A while back I implemented an email contact list cleaning campaign. Something I was taught to do regularly, as having people in your contact list who never open any of your emails affects your email deliverability score.

You’ve probably been taught to do the same.

However, I was surprised to have someone reply – upset because she’d been asked to confirm if she still wanted to stay on my email contact list.  She said she had been reading my emails.

So, are those email open rates reported by our email marketing tools really accurate?

Well, it turns out they’re not accurate.

Here’s how it works. Email marketing tools embed a tiny transparent image known as a tracking pixel in every email you send. And they register an ‘open’ whenever this tracking pixel is loaded.

Here’s the problem.

Many email clients, like Outlook and Gmail, disable images by default which means that even if people read the text in your email, the tracking pixel isn’t loading so they’re not registered as an ‘open’.

Apple’s Mail Privacy Protection feature automatically downloads a copy of all the images in the emails in your inbox (including the tracking pixels) to an Apple Privacy Cache which masks the user as part of the privacy feature. However, because that happens without the emails even being opened, your email marketing tool thinks that the email has been opened because the tracking pixel has been loaded.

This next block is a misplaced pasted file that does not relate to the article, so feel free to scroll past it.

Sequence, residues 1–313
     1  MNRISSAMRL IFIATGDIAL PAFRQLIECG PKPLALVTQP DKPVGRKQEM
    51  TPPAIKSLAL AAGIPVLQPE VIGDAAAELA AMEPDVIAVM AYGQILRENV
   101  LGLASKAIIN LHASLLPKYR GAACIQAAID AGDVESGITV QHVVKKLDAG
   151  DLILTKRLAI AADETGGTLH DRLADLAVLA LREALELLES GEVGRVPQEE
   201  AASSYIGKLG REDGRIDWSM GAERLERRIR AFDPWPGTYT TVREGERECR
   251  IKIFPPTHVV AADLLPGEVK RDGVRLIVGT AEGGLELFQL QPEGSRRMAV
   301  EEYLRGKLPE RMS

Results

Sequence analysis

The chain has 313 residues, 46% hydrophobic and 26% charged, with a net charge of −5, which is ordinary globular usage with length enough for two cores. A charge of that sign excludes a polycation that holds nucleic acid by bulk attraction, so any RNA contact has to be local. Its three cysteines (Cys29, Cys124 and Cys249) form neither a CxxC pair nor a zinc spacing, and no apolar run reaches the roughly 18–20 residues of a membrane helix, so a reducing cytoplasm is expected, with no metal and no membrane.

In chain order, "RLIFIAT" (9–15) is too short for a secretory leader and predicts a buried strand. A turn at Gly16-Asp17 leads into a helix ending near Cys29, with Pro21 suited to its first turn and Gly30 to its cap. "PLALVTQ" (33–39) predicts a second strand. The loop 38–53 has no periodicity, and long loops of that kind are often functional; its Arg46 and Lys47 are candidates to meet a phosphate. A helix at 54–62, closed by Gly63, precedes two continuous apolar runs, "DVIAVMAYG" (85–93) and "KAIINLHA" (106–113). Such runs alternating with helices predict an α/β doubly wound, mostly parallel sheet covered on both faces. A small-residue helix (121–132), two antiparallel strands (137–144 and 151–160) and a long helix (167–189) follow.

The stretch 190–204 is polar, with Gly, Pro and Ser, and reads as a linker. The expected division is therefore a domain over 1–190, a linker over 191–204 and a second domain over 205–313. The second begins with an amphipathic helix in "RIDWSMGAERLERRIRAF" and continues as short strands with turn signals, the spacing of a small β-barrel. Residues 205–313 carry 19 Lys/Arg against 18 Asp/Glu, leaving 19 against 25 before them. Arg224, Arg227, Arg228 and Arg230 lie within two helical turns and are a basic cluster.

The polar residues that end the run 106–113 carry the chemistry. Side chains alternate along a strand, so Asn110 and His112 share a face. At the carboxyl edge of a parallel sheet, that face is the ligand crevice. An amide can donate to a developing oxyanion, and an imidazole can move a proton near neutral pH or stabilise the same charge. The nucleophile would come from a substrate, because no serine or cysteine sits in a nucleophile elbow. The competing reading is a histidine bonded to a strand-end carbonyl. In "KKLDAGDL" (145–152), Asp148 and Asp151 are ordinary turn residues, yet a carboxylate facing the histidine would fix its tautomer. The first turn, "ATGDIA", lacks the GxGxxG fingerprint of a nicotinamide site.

Spam filters often automatically load images or log link clicks to make sure they’re not dodgy (dodgy being things like Malware) – so they’re registered as opens even though they’re not being read by a human.

Also, if your email is really long, and people open it but don’t read to the end – it won’t register as an open, because the tracking pixel won’t be loaded until the whole email is read/scrolled through because the tracking pixel is usually right at the bottom of the email.

And these are just a few of the things that can influence your open rate…

So, if open rates aren’t accurate, should you bother tracking them?

Well, yes, you should.

Email open rates can still tell you if an email was a hit or not. For example, if your last email campaign has a 15% lower open rate than the average performance of the past month’s campaigns, then this is a clear sign that there’s something off about this particular campaign and you can investigate.

So, while they may not be accurate, email open rates can still be useful – but they should definitely not be the only metric you track. 

Do you track your email open rates?